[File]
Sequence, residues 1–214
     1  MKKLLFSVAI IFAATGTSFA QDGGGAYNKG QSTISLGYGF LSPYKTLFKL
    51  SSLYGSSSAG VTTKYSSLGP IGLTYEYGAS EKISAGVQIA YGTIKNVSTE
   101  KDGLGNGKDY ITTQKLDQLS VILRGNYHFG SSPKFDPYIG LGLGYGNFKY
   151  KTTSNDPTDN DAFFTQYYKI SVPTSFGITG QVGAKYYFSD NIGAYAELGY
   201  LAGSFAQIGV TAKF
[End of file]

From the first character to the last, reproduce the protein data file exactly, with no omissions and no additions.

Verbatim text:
Sequence, residues 1–214
     1  MKKLLFSVAI IFAATGTSFA QDGGGAYNKG QSTISLGYGF LSPYKTLFKL
    51  SSLYGSSSAG VTTKYSSLGP IGLTYEYGAS EKISAGVQIA YGTIKNVSTE
   101  KDGLGNGKDY ITTQKLDQLS VILRGNYHFG SSPKFDPYIG LGLGYGNFKY
   151  KTTSNDPTDN DAFFTQYYKI SVPTSFGITG QVGAKYYFSD NIGAYAELGY
   201  LAGSFAQIGV TAKF